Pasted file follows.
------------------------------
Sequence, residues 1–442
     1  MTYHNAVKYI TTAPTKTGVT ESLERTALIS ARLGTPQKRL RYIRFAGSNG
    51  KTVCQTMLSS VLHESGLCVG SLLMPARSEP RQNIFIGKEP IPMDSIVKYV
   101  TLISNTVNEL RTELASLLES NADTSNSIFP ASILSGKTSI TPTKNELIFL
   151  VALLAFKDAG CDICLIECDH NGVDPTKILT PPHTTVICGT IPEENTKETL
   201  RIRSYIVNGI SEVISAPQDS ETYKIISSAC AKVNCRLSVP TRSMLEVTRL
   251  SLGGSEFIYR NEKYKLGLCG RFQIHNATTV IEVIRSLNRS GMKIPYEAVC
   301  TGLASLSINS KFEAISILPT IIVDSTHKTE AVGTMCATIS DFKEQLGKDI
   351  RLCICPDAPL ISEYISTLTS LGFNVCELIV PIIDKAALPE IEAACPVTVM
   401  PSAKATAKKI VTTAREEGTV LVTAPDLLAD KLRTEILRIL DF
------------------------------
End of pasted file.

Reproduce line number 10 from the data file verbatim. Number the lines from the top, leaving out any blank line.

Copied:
   401  PSAKATAKKI VTTAREEGTV LVTAPDLLAD KLRTEILRIL DF